Anne Taylor

Anne blends cultural sociology and comparative-historical methods to study charisma, religion, and power, specifically interactions between charismatic Christian communities and political structures in society. Currently, she is researching the world of early modern Britain and British North America, with a particular emphasis on the Puritan project in Massachusetts Bay colony in the 17th century. She is also interested in cultural trauma during and following imperial projects, which work with their own infusions of charisma, as well as contemporary American evangelicalism, the 2007 U.S. financial crisis, and the 2016 U.S. Presidential election. Anne is originally from Boulder, Colorado, and holds a B.A. in History from Gordon College (2010; Wenham, Massachusetts), as well as a B.A. in Sociology from the University of Colorado at Boulder, where she graduated ‘summa cum laude,’ with distinction in 2016.

Yuqing ‘Dorothy’ Wu Yuqing ‘Dorothy’ Wu

Dorothy (Yuqing) Wu is from Changsha, China and received her B.A. from the University of Wisconsin-Madison with triple-majors in philosophy, psychology, and sociology. For senior thesis, she did an ethnography on how Chinese international students negotiate between assimilation into American culture and staying within the Chinese social circle. Currently, she is looking at the making and effect of popular culture, including its relationship with national branding. Another stream of interest is the effect of increased smart-phone use in our contemporary life. In general, She loves discussions in material culture, iconicity, and media.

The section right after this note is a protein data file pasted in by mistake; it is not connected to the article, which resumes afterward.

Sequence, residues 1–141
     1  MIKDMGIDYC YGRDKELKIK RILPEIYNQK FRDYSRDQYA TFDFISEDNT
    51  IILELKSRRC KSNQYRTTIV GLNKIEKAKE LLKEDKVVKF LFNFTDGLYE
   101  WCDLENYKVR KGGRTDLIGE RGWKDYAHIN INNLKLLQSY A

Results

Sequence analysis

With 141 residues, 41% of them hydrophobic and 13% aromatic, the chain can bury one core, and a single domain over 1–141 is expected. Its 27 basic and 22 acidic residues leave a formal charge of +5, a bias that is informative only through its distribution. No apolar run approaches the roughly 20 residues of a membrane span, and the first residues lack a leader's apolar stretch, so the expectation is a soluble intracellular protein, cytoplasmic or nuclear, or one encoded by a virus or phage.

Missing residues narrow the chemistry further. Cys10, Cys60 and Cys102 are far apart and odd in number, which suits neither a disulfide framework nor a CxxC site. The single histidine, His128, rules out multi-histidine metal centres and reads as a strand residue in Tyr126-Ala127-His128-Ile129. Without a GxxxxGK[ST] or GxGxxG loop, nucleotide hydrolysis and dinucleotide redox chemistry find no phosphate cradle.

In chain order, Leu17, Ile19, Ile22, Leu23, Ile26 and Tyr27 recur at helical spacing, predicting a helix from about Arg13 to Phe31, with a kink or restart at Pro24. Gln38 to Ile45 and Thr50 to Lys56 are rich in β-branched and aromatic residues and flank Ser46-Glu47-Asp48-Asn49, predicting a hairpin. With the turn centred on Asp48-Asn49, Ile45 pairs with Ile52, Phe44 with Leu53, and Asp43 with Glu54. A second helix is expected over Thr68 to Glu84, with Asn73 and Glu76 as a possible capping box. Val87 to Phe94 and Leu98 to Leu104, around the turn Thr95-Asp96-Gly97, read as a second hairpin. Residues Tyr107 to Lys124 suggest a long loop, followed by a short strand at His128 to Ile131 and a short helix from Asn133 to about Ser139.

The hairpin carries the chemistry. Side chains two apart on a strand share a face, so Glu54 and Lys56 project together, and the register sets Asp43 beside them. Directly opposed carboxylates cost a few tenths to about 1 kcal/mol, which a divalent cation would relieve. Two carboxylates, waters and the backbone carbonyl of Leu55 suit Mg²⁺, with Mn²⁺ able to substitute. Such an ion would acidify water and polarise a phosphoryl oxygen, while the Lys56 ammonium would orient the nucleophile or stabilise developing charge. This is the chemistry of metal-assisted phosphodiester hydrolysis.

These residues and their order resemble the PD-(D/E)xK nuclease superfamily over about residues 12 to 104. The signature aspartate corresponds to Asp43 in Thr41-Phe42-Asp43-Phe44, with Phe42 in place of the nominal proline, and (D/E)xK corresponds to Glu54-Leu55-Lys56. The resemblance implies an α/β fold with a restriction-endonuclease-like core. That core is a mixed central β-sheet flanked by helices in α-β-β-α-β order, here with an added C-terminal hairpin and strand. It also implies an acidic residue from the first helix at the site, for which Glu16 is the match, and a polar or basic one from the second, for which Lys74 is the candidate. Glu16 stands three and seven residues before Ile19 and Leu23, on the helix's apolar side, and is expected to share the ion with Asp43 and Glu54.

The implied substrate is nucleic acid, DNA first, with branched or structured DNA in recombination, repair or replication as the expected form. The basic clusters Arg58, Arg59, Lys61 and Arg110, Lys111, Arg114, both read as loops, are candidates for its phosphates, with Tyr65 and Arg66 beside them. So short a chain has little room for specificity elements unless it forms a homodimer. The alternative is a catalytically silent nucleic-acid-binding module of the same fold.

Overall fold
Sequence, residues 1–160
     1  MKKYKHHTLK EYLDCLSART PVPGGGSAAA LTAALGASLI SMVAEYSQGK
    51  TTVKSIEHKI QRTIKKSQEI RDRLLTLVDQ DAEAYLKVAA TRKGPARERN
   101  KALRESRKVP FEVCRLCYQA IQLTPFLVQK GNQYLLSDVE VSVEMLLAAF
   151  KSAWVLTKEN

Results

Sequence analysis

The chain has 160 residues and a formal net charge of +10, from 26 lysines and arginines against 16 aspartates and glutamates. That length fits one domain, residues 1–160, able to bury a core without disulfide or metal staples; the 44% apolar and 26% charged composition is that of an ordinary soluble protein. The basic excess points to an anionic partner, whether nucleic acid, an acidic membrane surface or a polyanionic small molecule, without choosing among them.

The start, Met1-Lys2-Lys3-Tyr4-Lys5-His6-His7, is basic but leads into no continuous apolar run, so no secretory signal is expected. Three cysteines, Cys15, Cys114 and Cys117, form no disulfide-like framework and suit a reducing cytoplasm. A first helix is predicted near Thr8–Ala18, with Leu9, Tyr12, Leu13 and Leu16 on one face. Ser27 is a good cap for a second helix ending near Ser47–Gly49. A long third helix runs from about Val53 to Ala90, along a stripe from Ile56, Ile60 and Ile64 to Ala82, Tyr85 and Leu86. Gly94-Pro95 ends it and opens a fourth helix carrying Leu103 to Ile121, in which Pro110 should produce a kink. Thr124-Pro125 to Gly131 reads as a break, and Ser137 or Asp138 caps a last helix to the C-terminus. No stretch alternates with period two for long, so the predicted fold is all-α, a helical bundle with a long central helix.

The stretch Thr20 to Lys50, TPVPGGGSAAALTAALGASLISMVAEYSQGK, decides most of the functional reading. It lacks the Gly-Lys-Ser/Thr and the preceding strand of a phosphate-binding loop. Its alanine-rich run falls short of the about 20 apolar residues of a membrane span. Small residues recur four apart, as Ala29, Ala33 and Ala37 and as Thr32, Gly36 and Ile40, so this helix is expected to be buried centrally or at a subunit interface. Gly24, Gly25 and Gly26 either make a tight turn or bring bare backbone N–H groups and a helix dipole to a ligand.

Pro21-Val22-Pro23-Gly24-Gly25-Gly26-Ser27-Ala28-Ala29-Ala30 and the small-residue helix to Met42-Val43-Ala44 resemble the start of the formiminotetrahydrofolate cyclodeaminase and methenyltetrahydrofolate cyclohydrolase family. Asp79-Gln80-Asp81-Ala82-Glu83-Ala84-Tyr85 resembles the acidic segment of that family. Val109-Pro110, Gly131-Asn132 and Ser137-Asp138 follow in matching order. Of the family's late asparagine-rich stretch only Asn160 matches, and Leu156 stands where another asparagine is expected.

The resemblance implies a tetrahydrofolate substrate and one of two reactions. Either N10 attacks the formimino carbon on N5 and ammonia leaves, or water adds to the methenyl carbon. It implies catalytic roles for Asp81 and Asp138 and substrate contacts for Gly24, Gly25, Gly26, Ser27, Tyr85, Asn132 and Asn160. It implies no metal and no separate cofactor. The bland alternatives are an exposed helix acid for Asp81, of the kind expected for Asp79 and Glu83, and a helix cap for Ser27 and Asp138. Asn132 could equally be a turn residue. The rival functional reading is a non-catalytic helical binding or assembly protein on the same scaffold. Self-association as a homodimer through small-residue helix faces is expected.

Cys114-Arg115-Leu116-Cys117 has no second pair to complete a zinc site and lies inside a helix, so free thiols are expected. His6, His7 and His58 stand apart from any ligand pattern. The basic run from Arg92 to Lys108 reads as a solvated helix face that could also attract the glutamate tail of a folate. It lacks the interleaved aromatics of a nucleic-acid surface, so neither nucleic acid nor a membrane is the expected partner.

Dicky Yangzom

Dicky Yangzom is a doctoral student in Sociology at Yale University and a Junior Research Fellow at the Center for Cultural Sociology. Her research interests focus on the Sociology of Fashion, Consumer Culture, Material Culture, Visual Sociology, Public Sociology of Labor, Social Movements, Legal Sociology, and Social Theory. Previously she conducted fieldwork through visual ethnography on Pashmina producing nomadic tribes on the border of Tibet, China, Pakistan, and India. Dicky holds a M.A. in Fashion Studies from the City University of New York, Graduate Center; a B.S. in International Trade & Marketing with a concentration in Asia Studies; and Fashion Design from the Fashion Institution of Technology. Her most recent paper, “Clothing and Social Movements: Tibet and the Politics of Dress” is currently under review at the Journal of Social Movement Studies.